Results: The rates of systemic complications, infection, revision, and 90-day readmission after TKA in patients with different types of inflammatory arthritis were significantly higher than those in controlpatients with osteoarthritis (P < 0.0001). No differences were found in the rates of systemic or local complications, revision, or readmission among the types of inflammatory arthritis.

                Conclusion: Inflammatory arthritis is associated with increased rates of perioperative complications, revision, and 90-day readmission after primary TKA.

                Level of Evidence: Level III.

                    • Subspecialty:
                    • Adult Reconstruction

                  Revision Anterior Cruciate Ligament Reconstruction: Results of a Single-stage Approach Using Allograft Dowel Bone Grafting for Femoral Defects

                  Introduction: The purpose of this study was to present results of single-stage revision anterior cruciate ligament (ACL) reconstruction using an allograft bone dowel for isolated femoral bony deficiency.

                  Methods: Sixteen patients underwent single-stage revision ACL reconstruction using an allograft bone dowel for isolated femoral bony deficiency between 2007 and 2012. Twelve patients (75%)completed study visits, which included CT scans as well as completion of validated outcomes measures.

                  Results: The average KT-1000 side-to-side difference was 1.0 mm ±2.9 mm. The average International Knee Documentation Committee score was 70.2 ± 17.8, the Tegner score was 4.8 ± 2.8, and the visual analog scale pain score was 2.86 ± 2.4. An analysis of CT scans showed that all 12 dowels had excellent (>75%) incorporation.

                  Conclusions: A single-stage approach for revision ACL reconstruction using allograft dowels for isolated femoral bony deficiency yields objective and subjective outcomes comparable to those reported in the literature for two-stage and other single-stage techniques, with good incorporation of the dowels.

                  Level of Evidence: Retrospective case series, level IV.

                      • Subspecialty:
                      • Sports Medicine

                    Treatment of Anterior Cruciate Ligament Injuries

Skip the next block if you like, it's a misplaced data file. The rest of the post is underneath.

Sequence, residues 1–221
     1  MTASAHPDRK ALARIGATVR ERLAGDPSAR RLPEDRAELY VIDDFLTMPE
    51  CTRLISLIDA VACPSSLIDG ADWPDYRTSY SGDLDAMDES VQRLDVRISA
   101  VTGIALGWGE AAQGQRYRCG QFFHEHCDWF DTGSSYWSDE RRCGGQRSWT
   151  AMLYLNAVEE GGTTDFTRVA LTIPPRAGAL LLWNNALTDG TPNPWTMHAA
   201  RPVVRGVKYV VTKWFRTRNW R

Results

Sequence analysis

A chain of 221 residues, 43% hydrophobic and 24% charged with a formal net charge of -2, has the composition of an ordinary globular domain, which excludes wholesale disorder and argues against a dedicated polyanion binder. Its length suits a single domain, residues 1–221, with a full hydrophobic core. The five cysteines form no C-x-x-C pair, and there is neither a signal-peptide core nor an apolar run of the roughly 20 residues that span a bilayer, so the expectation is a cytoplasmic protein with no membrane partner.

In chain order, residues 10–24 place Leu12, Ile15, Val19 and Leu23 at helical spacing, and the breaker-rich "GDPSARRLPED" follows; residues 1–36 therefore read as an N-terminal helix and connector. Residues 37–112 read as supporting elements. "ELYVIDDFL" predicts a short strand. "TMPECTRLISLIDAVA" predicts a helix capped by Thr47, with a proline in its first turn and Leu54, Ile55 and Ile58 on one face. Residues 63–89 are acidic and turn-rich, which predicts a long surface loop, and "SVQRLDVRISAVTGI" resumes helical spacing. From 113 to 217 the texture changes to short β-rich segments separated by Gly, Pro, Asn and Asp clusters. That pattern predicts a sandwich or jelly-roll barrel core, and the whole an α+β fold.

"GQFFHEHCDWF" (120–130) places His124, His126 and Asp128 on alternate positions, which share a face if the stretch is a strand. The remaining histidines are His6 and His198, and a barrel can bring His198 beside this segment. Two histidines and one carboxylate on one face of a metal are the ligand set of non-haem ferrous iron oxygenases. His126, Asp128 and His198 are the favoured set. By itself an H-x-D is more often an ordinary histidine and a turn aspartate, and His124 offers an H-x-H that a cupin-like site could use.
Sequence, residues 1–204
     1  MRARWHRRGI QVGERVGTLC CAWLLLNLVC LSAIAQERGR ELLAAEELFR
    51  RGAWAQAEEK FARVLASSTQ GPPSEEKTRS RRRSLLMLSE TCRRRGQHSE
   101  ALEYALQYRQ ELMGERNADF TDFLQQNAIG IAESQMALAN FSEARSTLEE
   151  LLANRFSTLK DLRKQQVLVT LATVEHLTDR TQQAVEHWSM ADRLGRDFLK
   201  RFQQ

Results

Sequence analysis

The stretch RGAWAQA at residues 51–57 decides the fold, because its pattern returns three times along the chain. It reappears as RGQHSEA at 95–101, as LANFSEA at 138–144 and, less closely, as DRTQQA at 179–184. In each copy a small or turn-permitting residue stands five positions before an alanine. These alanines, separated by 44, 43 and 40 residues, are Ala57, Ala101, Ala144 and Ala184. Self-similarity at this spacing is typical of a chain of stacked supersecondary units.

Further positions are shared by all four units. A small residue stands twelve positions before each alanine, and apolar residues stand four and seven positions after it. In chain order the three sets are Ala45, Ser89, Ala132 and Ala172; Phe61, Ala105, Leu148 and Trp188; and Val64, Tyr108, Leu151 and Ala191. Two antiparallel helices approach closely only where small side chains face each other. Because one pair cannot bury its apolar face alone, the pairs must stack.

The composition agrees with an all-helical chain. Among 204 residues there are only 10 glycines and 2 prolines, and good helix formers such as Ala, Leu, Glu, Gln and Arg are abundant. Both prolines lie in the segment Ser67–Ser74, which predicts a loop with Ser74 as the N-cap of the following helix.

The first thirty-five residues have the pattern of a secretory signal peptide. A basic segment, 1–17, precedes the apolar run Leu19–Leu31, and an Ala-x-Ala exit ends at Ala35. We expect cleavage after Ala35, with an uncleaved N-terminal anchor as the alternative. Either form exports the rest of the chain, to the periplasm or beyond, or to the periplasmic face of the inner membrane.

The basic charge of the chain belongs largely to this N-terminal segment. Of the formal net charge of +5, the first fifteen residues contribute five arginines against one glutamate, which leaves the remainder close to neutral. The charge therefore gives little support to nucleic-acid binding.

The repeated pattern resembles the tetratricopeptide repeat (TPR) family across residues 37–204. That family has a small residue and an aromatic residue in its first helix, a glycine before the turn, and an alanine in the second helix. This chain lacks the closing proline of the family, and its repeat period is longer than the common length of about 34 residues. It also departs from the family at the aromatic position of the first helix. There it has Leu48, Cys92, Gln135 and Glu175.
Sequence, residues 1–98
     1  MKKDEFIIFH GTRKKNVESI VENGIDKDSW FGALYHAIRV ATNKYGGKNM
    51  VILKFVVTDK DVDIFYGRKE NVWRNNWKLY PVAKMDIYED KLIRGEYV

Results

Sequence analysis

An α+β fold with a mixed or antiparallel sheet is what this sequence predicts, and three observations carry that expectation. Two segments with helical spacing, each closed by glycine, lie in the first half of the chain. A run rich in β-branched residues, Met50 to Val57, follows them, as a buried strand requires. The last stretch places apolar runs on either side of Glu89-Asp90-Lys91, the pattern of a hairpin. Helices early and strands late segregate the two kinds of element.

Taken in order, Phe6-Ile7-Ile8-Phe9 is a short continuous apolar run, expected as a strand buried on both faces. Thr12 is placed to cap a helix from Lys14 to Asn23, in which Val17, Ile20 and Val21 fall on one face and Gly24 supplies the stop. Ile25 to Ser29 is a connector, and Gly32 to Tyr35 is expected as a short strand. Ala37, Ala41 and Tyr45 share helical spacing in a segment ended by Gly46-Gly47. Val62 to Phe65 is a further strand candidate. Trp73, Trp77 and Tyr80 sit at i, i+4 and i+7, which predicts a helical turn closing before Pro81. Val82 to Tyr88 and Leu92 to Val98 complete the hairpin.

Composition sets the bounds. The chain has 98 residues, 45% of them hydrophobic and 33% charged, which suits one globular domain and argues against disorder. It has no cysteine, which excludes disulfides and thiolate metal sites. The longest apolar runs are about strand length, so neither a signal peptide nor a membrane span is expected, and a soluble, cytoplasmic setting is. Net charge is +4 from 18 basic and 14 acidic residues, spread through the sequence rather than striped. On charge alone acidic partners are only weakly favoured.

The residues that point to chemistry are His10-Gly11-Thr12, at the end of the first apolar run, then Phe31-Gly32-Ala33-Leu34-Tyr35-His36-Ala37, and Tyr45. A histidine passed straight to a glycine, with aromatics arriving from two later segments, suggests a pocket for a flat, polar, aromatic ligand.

The American Academy of Orthopaedic Surgeons has developed the Appropriate Use Criteria (AUC) documentTreatment of Anterior Cruciate Ligament Injuries. Evidence-based information, in conjunction with the clinical expertise of physicians, was used to develop the criteria to improve patient care and obtain the best outcomes while considering the subtleties and distinctions necessary in making clinical decisions. The AUC clinical patient scenarios were derived from patient indications that generally accompany an anterior cruciate ligament injury, as well as from current evidence-based clinical practice guidelines and supporting literature. The 56 patient scenarios and 8 treatments were developed by the Writing Panel, a group of clinicians who are specialists in this AUC topic. Lastly, a separate, multidisciplinary Voting Panel (made up of specialists and nonspecialists) rated the appropriateness of treatment of each patient scenario using a 9-point scale to designate a treatment as Appropriate (median rating, 7 to 9), May Be Appropriate (median rating, 4 to 6), or Rarely Appropriate (median rating, 1 to 3).

                        • Subspecialty:
                        • Adult Reconstruction

                      Surgical Management of Osteoarthritis of the Knee: Evidence-based Guideline

                      Surgical Management of Osteoarthritis of the Knee: Evidence-based Guidelineis based on a systematic review of the current scientific and clinical research. The guideline contains 38 recommendations pertaining to the preoperative, perioperative, and postoperative care of patients with osteoarthritis (OA) of the knee who are considering surgical treatment. The purpose of this clinical practice guideline is to help improve surgical management of patients with OA of the knee based on current best evidence. In addition to guideline recommendations, the work group highlighted the need for better research on the surgical management of OA of the knee.

                          • Subspecialty:
                          • Adult Reconstruction